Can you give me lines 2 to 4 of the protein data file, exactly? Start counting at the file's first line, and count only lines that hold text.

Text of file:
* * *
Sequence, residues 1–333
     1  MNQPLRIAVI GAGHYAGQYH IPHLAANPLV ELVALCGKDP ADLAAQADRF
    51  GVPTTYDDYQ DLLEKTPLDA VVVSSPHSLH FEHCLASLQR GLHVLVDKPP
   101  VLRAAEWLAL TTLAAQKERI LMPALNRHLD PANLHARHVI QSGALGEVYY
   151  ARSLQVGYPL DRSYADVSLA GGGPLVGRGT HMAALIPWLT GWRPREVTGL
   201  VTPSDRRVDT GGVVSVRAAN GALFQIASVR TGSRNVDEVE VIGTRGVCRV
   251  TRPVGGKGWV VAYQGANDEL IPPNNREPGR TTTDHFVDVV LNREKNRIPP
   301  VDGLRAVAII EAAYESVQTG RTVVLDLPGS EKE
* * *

     1  MNQPLRIAVI GAGHYAGQYH IPHLAANPLV ELVALCGKDP ADLAAQADRF
    51  GVPTTYDDYQ DLLEKTPLDA VVVSSPHSLH FEHCLASLQR GLHVLVDKPP
   101  VLRAAEWLAL TTLAAQKERI LMPALNRHLD PANLHARHVI QSGALGEVYY